April 10, 2014

Challenger, Gray & Christmas Inc. (the Chicago-based outplacement and executive coaching consultants with dozens of offices across the USA) made two interesting observations on their website. The first was that the number of Americans quitting their jobs is at a post financial crisis high of 2.4 million.  The gap between Americans quitting their employment and those forcibly laid off is now at its broadest since  the Spring of 2010 (when the ratio went positive in favour of those voluntarily leaving work). Indeed US employers announced the lowest level of job cuts in Q1 of any quarterly period over the past 19 years.

It would appear that qualified Americans are leaving positions they don’t like, or are being lured to greener pastures.

The second fact set released by this firm suggested that the reality described above does not apply to US CEOs. Departures of American CEOs rose almost 10% in March of 2014. Both the rate of change and the absolute number spiked to levels that surpassed the levels experienced during the financial crisis and its aftermath in 2009 and 2010. Q1 2014 CEO departures were fully 18.4% above the year earlier period and 23.4% above Q4 2013.

By region technology-heavy California saw the largest jump in CEO departures at significant firms , with fully 50 CEOs jumping or being pushed in this state. The industries producing the largest number of CEO departures were:


Health Care                            86

Computer/IT                         40

Financial                                 39

Entertainment                       17

Whilst some are retiring, there is a sense that other CEOs are being asked to leave as robust profit growth is proving harder to achieve. The 2010-2014 period represented, in some ways, an abnormally easy period for CEOs as this was a time when many were recapturing lost ground. It can therefore be argued that, despite a generally improving US recovery, the rate of change in US profits may well be decelerating.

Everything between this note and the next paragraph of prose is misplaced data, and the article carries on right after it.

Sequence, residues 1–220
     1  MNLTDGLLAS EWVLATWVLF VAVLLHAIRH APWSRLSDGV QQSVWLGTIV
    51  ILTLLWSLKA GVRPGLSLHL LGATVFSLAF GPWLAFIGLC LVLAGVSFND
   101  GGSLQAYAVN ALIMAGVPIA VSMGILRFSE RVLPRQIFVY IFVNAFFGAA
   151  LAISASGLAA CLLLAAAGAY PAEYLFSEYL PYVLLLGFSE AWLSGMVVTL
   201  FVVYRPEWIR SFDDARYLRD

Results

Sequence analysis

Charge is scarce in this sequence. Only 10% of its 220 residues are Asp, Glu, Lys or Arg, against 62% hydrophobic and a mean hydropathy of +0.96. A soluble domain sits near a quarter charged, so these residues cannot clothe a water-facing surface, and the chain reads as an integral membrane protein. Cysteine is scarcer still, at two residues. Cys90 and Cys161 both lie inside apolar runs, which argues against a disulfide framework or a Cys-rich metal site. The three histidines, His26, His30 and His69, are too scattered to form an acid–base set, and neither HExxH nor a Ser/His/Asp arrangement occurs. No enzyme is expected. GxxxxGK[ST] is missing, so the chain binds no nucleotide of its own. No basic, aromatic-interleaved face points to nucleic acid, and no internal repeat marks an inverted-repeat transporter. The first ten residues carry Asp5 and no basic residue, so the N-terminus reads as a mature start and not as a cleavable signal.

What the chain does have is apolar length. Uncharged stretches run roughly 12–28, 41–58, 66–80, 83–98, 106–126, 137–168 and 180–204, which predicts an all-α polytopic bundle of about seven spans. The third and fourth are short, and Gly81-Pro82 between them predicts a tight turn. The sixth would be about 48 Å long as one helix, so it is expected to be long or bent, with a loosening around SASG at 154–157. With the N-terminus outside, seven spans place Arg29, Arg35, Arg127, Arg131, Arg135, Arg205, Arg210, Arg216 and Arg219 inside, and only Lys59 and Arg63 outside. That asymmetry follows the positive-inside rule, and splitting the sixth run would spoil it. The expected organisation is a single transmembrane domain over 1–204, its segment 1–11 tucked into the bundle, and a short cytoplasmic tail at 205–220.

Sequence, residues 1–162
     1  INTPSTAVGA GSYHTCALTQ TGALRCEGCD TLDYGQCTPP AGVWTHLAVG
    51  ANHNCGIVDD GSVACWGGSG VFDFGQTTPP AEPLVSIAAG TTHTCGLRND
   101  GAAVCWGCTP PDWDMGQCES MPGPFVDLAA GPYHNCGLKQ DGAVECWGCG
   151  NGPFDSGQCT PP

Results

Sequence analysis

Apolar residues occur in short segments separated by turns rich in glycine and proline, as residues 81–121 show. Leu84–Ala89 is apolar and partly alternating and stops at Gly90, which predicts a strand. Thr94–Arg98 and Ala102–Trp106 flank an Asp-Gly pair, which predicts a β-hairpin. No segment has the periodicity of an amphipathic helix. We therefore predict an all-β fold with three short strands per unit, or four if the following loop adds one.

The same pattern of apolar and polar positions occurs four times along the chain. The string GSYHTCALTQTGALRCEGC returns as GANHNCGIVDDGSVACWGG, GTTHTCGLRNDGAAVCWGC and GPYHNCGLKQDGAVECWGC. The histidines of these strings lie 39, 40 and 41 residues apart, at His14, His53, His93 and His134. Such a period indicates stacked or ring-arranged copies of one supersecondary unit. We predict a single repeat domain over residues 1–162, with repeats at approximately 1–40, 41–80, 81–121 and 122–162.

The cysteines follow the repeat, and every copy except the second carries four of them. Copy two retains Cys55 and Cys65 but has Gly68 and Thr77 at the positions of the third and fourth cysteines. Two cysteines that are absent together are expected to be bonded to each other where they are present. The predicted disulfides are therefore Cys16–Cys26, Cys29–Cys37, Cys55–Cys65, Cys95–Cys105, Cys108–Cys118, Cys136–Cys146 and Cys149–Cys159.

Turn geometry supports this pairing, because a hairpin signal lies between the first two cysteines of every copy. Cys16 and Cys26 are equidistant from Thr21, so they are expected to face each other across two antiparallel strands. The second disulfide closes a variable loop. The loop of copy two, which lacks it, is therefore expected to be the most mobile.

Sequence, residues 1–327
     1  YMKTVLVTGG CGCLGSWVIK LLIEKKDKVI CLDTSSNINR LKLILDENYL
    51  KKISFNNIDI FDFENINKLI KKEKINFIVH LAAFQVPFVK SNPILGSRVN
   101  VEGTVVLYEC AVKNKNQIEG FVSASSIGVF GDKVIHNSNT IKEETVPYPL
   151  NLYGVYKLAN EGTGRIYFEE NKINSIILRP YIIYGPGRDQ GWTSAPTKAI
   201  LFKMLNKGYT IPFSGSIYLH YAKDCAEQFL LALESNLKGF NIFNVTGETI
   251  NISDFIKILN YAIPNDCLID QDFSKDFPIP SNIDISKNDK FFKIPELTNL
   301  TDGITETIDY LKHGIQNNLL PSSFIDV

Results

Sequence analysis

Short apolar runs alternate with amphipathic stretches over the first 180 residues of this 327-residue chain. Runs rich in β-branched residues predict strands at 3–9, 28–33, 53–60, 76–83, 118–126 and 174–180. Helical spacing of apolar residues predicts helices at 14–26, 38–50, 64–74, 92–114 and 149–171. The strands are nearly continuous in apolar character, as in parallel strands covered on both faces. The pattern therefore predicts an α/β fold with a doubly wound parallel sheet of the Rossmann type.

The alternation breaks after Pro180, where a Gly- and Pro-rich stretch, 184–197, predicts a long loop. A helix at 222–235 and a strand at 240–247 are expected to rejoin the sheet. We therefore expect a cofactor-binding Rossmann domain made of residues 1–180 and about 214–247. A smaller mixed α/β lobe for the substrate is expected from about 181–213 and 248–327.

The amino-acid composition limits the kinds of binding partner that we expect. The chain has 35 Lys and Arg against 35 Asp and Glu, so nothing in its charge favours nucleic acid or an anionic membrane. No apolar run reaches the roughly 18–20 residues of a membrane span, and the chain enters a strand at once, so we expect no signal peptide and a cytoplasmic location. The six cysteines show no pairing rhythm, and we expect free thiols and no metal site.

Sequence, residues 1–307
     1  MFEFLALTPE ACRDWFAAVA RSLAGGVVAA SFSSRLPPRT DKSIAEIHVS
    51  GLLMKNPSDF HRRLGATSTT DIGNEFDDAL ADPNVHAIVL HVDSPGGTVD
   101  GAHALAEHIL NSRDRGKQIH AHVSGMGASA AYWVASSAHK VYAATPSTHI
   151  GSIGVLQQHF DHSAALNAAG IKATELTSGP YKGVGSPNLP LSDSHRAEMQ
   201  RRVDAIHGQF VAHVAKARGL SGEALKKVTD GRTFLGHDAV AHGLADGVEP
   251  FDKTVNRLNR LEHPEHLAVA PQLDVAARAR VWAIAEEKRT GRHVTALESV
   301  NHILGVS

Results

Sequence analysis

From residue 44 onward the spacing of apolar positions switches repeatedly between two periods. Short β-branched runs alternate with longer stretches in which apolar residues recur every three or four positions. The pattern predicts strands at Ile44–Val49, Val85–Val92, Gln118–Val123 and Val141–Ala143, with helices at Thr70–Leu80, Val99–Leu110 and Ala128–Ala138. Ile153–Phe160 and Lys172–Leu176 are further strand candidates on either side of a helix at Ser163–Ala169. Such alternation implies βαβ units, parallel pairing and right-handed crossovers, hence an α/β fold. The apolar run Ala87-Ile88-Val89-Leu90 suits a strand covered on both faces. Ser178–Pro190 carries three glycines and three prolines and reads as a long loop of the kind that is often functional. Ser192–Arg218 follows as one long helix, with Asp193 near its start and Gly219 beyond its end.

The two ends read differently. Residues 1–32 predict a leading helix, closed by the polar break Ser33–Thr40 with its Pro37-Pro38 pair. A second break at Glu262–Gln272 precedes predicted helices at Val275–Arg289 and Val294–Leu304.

If boards are proving rather more sceptical about CEOs then investors proving growingly sceptical about valuing high-growth names (an area where technology is heavily represented). After a healthy run in 2013 and on into 2014 institutional and retail investors are proving more resistant to claims made on behalf of high growth technology, social media and other companies carrying lofty valuations. Most at risk are those combining high-concept with a limited history of revenue generation and an absence of profit.

Some case studies of recent market hesitancy include:

King.Com, the producer of the smartphone game Candy Crush, saw its shares sag 15% on listing, thereby earning it the title of the worst performing meaningfully-sized IPO of the past 20 years.

Sina Weibo, a Chinese variant on Twitter, downsized its proposed IPO size from $500 million to up to $427 million.

Share price charts of this new crop of go-go names help underscore a more generalised nervousness regarding the concept of paying up for the promise of growth. We believe that this will – to an extent –  feed through into both M&A markets as well as the market for venture capital and private equity financing. Falling Internet Stocks